ALDGATE – May 2013

Nestled between the financial district and trendy East London, Aldgate could mirror both, but ends up reflecting neither.Aldgate tube sign

As we emerged from the station rather late on a bank holiday evening, the empty grey streets greeted us with indifference. Exchanging grimaces, we set off at a brisk, optimistic pace and soon spied The Chamberlain, a pleasant if unexceptional Fuller’s. We ordered two ales and sat gratefully in our first Aldgate pub. The decor was comfortingly faux – an opulent wall of gilt mirrors stood opposite a bookcase of military histories. (This sort of impotent ostentation can be found in many a chain establishment, presumably designed to convince the beer-swilling patrons that they are in far more superior surroundings than their choice of lager would otherwise indicate.) The bar staff were friendly but strangely sluggish, asking for IDs midway through our pints. I put this down to weighty bank holiday hangovers, the remnants of which Andy and I still felt, having spent a Bacchanalian weekend performing with By Moonlight Theatre at the vibrant Meadowlands Festival in deepest Sussex.

Greg with SteinMoving on, we wandered through side streets peppered with closed pubs, until the welcoming glow of a Bavarian Beerhouse drew us in. This incongruent continental import came complete with table service from traditionally attired waitresses, so we manfully ordered a stein each. Andy, rather conservatively, chose Germany’s number one premium beer, Krombacher Pils, while I fearlessly plumped for the “rich, dark and complex” Krombacher Dunkel. By 10:30 we were the only ones left and the manager hovered nearby, eager to lock up and honour his homeland’s legendary time-keeping skills. We dutifully acquiesced, drank up, and departed.

Our mistake in venturing out on a bank holiday evening now became woefully apparent. Every pub we discovered was closed, and as 11pm drew ever closer we grew ever more desperate.  Heading home after only two drinks seemed a crime – the blog deserved better than that.  Our frenzied wanderings soon left Aldgate in the dust. As we strode up Bishopsgate we crossed the threshold of several pubs only to be cruelly turned away by stony-faced barmen, shutting far too punctually for thirsty young bloggers such as ourselves. The situation was getting desperate. Andy struck out ahead, drawing upon his Northern ability to divine booze at great distance. As we finally stumbled onto Commercial Road, his aim was proven true, as the Ten Bells appeared from the gloom.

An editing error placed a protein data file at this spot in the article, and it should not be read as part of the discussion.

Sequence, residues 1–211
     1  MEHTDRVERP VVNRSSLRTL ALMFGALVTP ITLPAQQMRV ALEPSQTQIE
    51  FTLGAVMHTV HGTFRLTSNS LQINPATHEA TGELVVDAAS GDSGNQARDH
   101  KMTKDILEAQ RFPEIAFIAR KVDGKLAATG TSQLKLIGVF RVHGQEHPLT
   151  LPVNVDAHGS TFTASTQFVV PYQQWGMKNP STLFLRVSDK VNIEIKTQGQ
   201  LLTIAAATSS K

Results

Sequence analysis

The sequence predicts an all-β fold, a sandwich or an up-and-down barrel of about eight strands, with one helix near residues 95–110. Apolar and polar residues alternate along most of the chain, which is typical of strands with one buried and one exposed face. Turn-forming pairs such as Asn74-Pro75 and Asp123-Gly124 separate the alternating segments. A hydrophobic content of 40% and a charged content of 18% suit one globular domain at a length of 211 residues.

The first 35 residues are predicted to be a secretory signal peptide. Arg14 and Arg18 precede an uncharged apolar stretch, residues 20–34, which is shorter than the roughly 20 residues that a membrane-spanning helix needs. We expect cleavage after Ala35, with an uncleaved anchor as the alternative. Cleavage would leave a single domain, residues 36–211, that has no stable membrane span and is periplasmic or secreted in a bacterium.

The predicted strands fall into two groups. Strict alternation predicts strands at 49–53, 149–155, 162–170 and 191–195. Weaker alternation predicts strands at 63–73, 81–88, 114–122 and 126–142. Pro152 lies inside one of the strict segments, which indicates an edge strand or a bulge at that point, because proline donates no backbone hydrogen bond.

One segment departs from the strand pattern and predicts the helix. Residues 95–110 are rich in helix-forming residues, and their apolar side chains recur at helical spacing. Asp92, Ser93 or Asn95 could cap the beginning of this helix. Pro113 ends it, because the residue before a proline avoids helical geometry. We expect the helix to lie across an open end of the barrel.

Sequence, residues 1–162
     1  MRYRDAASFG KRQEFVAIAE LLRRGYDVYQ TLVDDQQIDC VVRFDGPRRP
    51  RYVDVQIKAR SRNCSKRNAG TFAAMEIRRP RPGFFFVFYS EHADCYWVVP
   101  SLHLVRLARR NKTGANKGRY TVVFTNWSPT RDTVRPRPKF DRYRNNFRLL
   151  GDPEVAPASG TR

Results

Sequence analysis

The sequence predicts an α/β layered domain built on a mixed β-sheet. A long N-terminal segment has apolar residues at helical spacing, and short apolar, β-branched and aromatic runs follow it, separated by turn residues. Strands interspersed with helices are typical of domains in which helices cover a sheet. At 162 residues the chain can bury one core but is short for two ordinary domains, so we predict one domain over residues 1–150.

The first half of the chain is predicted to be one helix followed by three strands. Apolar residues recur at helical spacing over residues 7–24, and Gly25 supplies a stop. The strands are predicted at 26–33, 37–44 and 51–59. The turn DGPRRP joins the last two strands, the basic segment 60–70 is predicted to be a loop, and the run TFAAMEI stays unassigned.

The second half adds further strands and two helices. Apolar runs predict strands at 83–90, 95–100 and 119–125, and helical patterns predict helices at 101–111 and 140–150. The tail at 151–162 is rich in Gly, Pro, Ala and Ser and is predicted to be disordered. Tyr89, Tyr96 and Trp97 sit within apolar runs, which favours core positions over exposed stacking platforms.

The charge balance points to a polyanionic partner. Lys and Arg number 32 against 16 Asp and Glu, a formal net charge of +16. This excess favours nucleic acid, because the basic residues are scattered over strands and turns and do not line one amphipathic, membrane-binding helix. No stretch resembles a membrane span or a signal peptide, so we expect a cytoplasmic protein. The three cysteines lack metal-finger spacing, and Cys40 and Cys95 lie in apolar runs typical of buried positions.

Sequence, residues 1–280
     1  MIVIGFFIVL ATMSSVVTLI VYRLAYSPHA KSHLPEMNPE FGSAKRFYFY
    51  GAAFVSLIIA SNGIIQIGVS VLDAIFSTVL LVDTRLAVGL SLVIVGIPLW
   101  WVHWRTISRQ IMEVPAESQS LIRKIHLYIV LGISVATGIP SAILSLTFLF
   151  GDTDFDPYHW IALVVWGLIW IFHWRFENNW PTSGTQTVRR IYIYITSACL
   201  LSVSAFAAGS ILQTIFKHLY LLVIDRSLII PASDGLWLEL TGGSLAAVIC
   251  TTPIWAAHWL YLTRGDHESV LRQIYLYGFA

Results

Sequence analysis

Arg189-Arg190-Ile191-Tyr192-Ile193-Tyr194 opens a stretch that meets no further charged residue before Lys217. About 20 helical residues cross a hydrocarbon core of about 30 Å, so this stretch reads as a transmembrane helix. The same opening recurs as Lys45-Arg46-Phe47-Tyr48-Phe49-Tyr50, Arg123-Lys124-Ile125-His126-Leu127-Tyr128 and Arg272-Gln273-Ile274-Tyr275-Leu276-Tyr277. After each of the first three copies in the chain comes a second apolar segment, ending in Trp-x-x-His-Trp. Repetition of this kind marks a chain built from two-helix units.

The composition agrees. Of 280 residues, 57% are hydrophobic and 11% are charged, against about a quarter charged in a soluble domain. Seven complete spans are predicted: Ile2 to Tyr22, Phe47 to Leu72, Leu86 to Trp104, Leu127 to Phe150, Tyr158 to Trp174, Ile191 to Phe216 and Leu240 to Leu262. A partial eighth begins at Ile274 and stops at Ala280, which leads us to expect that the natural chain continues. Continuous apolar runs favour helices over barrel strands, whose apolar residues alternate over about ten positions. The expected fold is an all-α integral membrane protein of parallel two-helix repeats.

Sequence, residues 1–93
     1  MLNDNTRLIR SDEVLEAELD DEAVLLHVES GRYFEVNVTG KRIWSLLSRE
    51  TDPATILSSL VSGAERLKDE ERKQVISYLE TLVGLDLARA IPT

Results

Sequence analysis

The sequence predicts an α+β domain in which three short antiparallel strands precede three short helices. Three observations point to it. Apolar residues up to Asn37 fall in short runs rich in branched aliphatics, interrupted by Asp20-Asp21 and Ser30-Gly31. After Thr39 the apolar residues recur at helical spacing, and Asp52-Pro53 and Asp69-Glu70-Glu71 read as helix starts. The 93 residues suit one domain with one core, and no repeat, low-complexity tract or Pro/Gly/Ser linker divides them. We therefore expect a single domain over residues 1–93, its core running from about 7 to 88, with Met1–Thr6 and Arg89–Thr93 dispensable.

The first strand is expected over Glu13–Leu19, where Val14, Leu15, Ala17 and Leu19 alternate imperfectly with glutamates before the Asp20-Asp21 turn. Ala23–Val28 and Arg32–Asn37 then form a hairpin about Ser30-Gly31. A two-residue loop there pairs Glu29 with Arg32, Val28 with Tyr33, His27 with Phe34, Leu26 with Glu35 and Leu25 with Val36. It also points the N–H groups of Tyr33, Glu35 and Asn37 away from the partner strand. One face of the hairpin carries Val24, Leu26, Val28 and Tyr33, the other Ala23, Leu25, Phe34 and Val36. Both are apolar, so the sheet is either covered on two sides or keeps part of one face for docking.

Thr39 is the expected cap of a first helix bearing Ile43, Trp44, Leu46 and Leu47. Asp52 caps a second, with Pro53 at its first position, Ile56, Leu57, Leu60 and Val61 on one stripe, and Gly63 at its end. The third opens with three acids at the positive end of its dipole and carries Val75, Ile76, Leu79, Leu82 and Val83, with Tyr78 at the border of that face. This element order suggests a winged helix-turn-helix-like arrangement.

Greg and AndyIt is a sad fact that the first pub we found with real atmosphere and more than half-a-dozen drinkers was this far from Aldgate. The historic Ten Bells has a grisly claim: it was here that Mary Kelly, the last known victim of Jack the Ripper, had her final drink (gin, of course) before being found mutilated in a nearby flat several days later. Scenes from Jack the Ripper film From Hell were filmed here, and the original Victorian tiling still remains. In dark homage, we ordered two G&Ts and sat contentedly under the gaze of two inseparable East Londoners, Gilbert and George, who take pride of place in a mural by Ian Harper which adorned the wall above us.  In the late 1880s Mary Kelly would have been slugging back straight gins while tugging lustily at crotches and purse-strings, whereas here in 2013 us two fops cut our gin with tonic and sat discussing modern art.  How times change.

Aldgate’s pubs may bustle on work nights but during our self-inflicted bank holiday outing it really did seem to be a bland no man’s land, squatting between thriving neighbours and losing in the struggle for a character of its own. It was only by escaping the dreary gravity of Aldgate that the evening was resurrected, ironically in a pub more famous for dealing death than enhancing life.